Podgorica, 15 March 2018 – Without ethical standards there is no professional journalism – this is the message from the press conference announcing the promotion of the Code of Ethics for Journalists in Montenegro. The promotion is part of the UNESCO project “Building Trust in the Media of SE Europe” aimed at raising ethical standards in the media in the region and the development of self-regulation.

Two years ago the media community adopted an amended Code of Ethics for Journalists in Montenegro. In the coming months, the public will become more familiar with the content of that document.

“Our part of the project that we will be implementing relates to the promotion of the Code of Ethics for Journalists in Montenegro. We will try to carry out this promotion and campaign through social networks because of limited resources. The plan is to make several promotional films to explain each of the principles of the Code of Ethics,” said Ranko Vujovic, Executive Secretary of the Media Council for Self-Regulation.

The campaign will explain what new things the Code of Ethics brings and why self-regulation is important in Montenegro through two shows on television and radio. The Ombudsman of the daily newspaper “Dan”, Ilija Jovicevic, reminded that without ethical standards there is no professional journalism.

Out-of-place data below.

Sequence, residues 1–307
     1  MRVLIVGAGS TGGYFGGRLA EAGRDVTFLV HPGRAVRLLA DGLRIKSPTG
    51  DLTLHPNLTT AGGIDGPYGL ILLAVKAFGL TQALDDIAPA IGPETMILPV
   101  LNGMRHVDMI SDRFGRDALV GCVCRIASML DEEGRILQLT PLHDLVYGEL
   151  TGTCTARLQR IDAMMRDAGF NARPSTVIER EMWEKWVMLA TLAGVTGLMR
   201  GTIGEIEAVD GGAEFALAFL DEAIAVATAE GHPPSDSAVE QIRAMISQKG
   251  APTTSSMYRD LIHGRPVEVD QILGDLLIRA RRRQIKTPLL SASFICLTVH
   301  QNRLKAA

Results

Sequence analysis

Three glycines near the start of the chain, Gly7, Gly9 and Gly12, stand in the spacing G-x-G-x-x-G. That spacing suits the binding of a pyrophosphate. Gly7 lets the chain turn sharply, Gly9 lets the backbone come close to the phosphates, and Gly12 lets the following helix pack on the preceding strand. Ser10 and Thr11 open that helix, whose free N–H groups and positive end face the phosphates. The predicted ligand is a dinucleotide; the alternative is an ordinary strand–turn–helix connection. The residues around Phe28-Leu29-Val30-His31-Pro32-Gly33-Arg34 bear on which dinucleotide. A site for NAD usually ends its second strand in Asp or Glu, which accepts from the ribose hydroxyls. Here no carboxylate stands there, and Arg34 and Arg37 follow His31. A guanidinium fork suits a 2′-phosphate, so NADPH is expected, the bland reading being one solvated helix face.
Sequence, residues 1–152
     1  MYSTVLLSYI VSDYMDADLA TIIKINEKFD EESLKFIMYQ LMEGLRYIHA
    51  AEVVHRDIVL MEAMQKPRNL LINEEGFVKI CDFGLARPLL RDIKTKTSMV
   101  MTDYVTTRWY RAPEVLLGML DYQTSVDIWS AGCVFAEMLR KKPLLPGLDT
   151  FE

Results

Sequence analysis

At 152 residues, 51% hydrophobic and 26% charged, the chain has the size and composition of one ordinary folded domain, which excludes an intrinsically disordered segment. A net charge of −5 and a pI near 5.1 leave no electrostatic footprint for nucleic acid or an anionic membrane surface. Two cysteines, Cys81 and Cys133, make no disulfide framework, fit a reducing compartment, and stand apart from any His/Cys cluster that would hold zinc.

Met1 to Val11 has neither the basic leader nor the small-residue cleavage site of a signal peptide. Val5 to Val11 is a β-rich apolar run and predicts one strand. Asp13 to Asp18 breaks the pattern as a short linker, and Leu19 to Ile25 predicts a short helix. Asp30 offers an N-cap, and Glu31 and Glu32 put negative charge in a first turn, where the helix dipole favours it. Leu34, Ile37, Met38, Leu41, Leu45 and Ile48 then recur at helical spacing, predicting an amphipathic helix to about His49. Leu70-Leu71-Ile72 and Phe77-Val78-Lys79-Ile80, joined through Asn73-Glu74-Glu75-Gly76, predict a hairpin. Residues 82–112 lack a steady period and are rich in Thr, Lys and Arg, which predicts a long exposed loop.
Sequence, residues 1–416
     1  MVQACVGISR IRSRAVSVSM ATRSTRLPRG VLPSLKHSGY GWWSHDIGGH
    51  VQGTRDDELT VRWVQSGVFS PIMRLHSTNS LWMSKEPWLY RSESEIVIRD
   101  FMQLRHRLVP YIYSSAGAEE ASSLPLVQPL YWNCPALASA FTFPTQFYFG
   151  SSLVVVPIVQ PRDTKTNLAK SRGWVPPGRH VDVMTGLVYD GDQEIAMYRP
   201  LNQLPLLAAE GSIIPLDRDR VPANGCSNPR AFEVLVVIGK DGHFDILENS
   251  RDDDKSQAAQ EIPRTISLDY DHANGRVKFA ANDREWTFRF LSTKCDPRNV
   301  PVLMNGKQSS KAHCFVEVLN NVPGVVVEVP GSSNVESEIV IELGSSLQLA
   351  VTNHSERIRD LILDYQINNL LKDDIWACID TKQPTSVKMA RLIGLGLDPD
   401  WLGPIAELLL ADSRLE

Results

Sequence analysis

“The Code and its principles, among other things, serve to establish a civilisational and cultural balance between freedom and responsibility, with the legitimate rights of the media on one side, and the public on the other,” said Jovicevic.

The project also includes the Ombudsman of the weekly Monitor and daily Vijesti.

“Voluntary self-regulation is an indicator of the maturity of a media community. There are different types of self-regulation. The best is self-regulation that works, no matter what type of body it is,” said Paola Petricevic, the Ombudsman of the daily Vijesti and Monitor.

The ombudsmen agreed that, regardless of technological achievements and new forms of media, the basic ethical principles remain the same, and that it is therefore necessary to develop self-regulation and try to preserve and protect standards.